will be a significant climate shift over the next century.
Anyhow, I also struggle with reconciling the 3 fold acceleration in emissions
since 1990 while atmospheric CO2 concentrations have increased steadily
with only the slightest hint of an acceleration.
From the report:
What's obvious to me is that the sinks have increased almost as fast as emission
have grown. That is rather odd. Sinks ought to be operating in proportion to
atmospheric CO2 concentration, precipitation and winds.
There are 3 major sinks: Plants & soils, the deep ocean and sediments (rocks).
About 30% of CO2 emissions end up in plants and soils, 25% goes into the deep
ocean and <1% ends up in sediments.
The report makes the following statement concerning the deep oceans:
of the slack; in other words there is some good news that may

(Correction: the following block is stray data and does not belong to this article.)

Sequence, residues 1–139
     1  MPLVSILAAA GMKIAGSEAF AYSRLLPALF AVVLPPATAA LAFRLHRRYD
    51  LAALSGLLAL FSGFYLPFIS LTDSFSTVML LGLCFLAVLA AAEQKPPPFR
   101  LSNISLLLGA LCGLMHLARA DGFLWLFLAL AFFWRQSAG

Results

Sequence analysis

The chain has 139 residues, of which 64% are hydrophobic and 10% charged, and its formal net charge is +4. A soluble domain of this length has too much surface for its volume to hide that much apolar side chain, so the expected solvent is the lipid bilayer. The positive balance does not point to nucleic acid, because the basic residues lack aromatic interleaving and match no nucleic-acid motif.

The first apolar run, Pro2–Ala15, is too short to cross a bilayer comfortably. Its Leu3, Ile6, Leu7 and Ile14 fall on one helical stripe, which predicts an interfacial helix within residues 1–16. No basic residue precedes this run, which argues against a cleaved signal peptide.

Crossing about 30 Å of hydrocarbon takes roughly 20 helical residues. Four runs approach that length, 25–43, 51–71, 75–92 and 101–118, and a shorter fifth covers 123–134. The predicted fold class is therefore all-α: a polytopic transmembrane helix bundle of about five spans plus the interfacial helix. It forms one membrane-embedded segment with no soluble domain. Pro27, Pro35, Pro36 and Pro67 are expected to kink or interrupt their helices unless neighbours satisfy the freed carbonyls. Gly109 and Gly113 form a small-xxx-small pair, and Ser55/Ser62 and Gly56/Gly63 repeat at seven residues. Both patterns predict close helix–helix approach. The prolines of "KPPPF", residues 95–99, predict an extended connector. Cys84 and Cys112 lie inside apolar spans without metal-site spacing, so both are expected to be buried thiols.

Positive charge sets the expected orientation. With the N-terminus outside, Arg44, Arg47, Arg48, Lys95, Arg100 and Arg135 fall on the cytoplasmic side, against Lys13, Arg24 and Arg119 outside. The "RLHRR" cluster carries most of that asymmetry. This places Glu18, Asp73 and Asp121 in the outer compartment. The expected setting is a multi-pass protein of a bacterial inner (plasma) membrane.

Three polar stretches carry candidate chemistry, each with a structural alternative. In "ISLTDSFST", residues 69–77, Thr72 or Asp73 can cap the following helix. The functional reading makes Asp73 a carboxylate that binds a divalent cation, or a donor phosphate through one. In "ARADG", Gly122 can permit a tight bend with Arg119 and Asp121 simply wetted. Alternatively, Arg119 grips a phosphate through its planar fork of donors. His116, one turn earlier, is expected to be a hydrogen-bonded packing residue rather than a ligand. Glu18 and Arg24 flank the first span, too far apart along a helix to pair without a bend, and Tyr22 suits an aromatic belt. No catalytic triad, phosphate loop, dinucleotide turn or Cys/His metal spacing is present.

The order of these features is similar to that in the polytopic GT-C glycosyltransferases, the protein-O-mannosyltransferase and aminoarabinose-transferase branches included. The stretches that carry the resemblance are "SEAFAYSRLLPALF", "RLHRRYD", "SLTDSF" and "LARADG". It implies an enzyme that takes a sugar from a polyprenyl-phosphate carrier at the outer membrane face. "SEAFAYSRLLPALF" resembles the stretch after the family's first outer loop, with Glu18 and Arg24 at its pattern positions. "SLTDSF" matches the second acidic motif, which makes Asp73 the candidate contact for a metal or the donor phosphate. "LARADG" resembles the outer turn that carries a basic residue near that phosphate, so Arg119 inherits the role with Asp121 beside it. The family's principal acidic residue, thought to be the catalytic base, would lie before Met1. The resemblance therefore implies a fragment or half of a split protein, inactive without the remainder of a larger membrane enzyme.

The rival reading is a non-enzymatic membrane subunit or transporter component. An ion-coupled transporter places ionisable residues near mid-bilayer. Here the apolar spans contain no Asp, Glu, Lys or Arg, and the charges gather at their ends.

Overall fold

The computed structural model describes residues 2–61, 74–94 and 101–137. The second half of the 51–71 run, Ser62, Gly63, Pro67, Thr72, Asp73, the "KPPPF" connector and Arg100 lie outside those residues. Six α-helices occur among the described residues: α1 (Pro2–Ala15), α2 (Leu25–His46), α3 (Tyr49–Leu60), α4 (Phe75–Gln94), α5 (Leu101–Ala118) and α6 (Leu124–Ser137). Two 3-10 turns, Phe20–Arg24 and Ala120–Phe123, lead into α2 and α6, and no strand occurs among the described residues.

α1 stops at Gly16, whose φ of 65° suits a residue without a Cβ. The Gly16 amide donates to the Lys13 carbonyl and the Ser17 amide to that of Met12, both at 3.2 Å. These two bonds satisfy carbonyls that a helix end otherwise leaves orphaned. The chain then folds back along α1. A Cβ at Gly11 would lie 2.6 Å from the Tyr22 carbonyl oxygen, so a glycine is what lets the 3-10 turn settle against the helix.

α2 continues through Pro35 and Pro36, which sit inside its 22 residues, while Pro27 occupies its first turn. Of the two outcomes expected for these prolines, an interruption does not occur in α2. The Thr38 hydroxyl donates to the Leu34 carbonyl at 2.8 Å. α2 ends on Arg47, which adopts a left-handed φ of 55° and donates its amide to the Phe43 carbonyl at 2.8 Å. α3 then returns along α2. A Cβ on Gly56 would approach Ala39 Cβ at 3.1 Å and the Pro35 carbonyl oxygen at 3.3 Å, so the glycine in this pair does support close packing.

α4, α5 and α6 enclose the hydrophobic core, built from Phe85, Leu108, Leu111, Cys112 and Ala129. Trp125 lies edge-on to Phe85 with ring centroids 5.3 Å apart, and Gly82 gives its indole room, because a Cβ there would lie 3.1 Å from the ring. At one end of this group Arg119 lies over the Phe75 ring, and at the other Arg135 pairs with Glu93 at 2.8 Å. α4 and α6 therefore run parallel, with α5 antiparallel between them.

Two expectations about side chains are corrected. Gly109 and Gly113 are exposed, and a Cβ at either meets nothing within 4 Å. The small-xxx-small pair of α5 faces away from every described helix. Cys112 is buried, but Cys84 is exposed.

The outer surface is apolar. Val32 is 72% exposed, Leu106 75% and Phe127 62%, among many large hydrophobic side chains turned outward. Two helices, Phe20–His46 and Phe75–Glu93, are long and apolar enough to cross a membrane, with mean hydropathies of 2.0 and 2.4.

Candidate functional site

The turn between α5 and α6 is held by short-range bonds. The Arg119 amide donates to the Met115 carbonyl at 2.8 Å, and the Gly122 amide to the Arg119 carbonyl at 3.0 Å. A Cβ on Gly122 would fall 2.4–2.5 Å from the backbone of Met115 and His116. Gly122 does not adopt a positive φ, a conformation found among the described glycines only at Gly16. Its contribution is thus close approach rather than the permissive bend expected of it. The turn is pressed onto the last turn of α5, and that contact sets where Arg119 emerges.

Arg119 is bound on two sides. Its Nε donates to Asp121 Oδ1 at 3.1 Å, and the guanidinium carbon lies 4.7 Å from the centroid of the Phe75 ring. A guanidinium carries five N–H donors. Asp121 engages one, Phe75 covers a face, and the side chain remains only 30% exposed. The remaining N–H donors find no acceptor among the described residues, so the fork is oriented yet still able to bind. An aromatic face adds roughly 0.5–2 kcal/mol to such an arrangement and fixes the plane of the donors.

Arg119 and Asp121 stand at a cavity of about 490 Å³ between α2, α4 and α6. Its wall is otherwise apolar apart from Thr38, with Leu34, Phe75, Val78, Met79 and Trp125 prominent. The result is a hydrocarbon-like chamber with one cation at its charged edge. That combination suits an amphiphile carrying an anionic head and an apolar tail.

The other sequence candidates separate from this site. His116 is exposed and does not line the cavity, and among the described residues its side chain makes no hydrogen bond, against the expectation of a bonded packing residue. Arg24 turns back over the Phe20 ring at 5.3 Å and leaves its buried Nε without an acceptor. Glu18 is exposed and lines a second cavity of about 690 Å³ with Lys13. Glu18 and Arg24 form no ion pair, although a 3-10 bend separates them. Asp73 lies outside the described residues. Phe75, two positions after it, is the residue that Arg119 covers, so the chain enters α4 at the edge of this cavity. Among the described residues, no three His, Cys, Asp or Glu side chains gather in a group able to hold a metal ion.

have been overlooked.
|Nov27-09, 08:07 PM||#7|
The major CO2 observatory is the NOAA monitoring station at Mauna Luo. It provides ready access to most recent measurements and rates of change, both for the Mauna Luo site itself and a global estimate.
The rate of increase varies from year to year; as short term variations that arise from any changes in the global carbon cycle. Over all there is a significant increasing trend in the rate of increase, and a 10 year moving average (for example) shows the rate increasing from around 1.5 ppm/yr to around 1.9 ppm/yr as described in the report. This is a more than a slight hint of acceleration. It is about 27%, though with limited precision.
The data for emissions is cited to Le Quéré et al. (2009) which is listed as in press, though it has just now come out as advance online publication. See
This paper notes in the abstract that "fossil fuel emissions increased by 29% between 2000 and 2008", and the text notes an increase of 41% since 1990, as given in the report discussed in this thread. The supplementary information of the paper points us to globalcarbonproject for the emissions data; also tabulated here.